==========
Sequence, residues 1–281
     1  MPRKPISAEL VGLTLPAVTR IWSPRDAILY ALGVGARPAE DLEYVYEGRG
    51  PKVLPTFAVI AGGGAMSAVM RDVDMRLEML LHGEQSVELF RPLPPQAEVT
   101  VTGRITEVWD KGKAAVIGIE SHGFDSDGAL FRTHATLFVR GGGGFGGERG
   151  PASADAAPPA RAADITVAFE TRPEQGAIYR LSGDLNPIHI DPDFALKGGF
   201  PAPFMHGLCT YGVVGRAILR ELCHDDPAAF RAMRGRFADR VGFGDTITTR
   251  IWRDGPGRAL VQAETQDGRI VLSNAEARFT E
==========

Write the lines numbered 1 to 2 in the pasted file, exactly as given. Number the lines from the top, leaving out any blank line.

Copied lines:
Sequence, residues 1–281
     1  MPRKPISAEL VGLTLPAVTR IWSPRDAILY ALGVGARPAE DLEYVYEGRG